Watch out, Commish! - Security experts offer advice to the next police commissioner
With the Police Service Commission expected to name a new head for the Jamaica Constabulary Force (JCF) shortly, two of the island's leading crime experts are urging whoever gets the job to ignore the demands of those with vested interests.
Former police commissioner, Rear Admiral Hardley Lewin, says the new commissioner can expect to come under pressure from three powerful sources - politics, business, and criminal enterprises.
"Those forces who would want the kind of commissioner of police who can make their little problems, when they come, disappear," Lewin told The Sunday Gleaner, as he argued that it is critical that the new head of the JCF does not fall prey to these forces.
"Because under that commissioner of police are the 11,000 to 14,000 members of the Force who are looking on, and we need a commissioner of police who is going to have their backs," said Lewin.
He warned that these powerful forces want a police commissioner who "they can talk to".
Lewin's concerns were echoed by director of the Institute of Criminal Justice at the University of the West Indies, noted crime researcher, Professor Anthony Harriott.
"The next police commissioner must expect a lot of pressure," said Harriott, as he told our news team that the severity of Jamaica's crime issues requires serious and consistent efforts on the part of those in leadership.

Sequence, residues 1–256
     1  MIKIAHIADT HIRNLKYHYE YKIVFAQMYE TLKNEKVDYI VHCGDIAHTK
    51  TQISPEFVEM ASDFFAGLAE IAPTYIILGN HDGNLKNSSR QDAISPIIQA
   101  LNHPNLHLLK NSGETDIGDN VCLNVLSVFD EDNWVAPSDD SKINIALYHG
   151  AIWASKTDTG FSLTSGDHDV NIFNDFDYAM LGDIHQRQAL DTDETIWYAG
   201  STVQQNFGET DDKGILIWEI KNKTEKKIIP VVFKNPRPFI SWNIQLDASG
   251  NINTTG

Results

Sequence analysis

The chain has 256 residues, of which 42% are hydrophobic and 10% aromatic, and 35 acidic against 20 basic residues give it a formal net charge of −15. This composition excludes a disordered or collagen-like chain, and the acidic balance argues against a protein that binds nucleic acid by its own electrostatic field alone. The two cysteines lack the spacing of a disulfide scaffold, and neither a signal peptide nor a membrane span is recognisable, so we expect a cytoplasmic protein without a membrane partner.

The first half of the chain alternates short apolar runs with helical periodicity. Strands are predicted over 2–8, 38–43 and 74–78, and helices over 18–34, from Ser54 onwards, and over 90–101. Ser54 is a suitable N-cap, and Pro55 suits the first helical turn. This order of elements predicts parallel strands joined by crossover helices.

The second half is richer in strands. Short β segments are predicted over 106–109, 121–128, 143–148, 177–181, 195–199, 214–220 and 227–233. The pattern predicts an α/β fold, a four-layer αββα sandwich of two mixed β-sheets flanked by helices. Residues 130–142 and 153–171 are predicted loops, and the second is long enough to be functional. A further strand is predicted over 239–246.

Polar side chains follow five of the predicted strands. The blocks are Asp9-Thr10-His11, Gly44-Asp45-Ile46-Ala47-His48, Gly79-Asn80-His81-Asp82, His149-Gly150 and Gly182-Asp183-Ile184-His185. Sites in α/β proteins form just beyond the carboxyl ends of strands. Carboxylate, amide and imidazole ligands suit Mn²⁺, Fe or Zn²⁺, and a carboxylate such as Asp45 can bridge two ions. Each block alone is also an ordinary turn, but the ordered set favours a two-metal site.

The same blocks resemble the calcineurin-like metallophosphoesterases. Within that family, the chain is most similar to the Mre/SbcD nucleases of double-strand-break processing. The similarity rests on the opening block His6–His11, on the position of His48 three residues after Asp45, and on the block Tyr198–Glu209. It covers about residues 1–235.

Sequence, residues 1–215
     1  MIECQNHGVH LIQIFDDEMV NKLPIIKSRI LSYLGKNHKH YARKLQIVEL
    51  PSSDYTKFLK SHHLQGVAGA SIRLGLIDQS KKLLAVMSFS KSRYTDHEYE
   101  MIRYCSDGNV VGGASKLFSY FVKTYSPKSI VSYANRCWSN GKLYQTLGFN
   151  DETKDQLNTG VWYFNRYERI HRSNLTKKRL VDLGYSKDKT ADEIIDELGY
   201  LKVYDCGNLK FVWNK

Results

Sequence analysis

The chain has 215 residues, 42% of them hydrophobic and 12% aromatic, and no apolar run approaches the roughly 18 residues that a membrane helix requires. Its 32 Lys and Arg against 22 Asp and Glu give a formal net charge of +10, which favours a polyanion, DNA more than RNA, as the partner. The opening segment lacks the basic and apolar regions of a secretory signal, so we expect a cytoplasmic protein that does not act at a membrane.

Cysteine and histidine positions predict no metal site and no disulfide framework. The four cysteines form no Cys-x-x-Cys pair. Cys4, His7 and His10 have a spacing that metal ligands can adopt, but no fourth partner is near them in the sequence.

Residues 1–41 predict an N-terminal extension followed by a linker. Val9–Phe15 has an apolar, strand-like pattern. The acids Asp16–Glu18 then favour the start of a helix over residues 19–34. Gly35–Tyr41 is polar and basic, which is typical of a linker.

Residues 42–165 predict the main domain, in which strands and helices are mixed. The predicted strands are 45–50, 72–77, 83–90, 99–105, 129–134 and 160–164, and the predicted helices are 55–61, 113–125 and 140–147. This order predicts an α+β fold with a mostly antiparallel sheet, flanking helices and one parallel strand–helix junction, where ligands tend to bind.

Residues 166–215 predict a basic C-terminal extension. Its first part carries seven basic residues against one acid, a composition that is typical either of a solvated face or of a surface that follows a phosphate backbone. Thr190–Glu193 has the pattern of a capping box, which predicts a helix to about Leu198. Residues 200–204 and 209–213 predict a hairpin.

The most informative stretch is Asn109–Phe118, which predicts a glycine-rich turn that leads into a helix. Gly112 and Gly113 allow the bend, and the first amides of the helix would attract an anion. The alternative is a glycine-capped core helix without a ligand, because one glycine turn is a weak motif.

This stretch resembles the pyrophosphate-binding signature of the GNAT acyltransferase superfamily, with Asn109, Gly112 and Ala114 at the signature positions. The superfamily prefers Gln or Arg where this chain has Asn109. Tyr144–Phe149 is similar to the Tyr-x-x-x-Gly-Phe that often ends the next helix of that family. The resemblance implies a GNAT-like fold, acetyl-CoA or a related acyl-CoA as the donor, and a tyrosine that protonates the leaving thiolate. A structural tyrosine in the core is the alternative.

"It's a huge responsibility, and anybody who sits in that chair must understand that it is going to be a very stressful job and it requires a clear head.
"Serious leadership challenges are going to be presented to motivate the members of the police force and to get them to act in effective ways because it's a critical moment in the country with respect to the crime problem," added Harriott.
He noted that after a few years of significant reduction in serious crimes there has been an unwelcome change over the last two years.
"So any police commissioner is going to come under a lot of pressure from the public to ensure that we don't regress and lose the gains of the last couple of years," said Harriott.
According to Harriott, accountability and transparency will be critical tools for the next head of the JCF.
"When we look at all of these problems, the institutional incapacity and ineffectiveness in controlling the problem is a huge contributor. We need a more effective police service; there is just no question about that.
"We really have to keep pushing these things because it is not as if Jamaica has a normal crime problem, and because it is an extraordinary problem, it is not going to be solved simply by creating more jobs. The complexity of our problem is that we need to do many things at the same time," added the noted crime researcher.
Lewin, who also headed the Jamaica Defence Force before serving as police commissioner for 23 months between December 2007 and November 2009, said he expects the Police Service Commission to do a good job in selecting the new head of the JCF, and that person will have a mammoth task.
He added that whoever is appointed commissioner of police will have his support and ought to have the backing of the nation as "their success is our success, but we will hold them accountable".